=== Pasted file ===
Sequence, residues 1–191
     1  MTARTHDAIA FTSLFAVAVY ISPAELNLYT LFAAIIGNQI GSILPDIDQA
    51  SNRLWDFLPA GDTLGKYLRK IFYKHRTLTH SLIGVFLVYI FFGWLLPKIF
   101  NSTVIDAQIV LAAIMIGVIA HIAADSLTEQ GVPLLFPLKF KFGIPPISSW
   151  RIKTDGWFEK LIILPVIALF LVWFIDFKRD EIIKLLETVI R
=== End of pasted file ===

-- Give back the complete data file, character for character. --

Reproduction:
Sequence, residues 1–191
     1  MTARTHDAIA FTSLFAVAVY ISPAELNLYT LFAAIIGNQI GSILPDIDQA
    51  SNRLWDFLPA GDTLGKYLRK IFYKHRTLTH SLIGVFLVYI FFGWLLPKIF
   101  NSTVIDAQIV LAAIMIGVIA HIAADSLTEQ GVPLLFPLKF KFGIPPISSW
   151  RIKTDGWFEK LIILPVIALF LVWFIDFKRD EIIKLLETVI R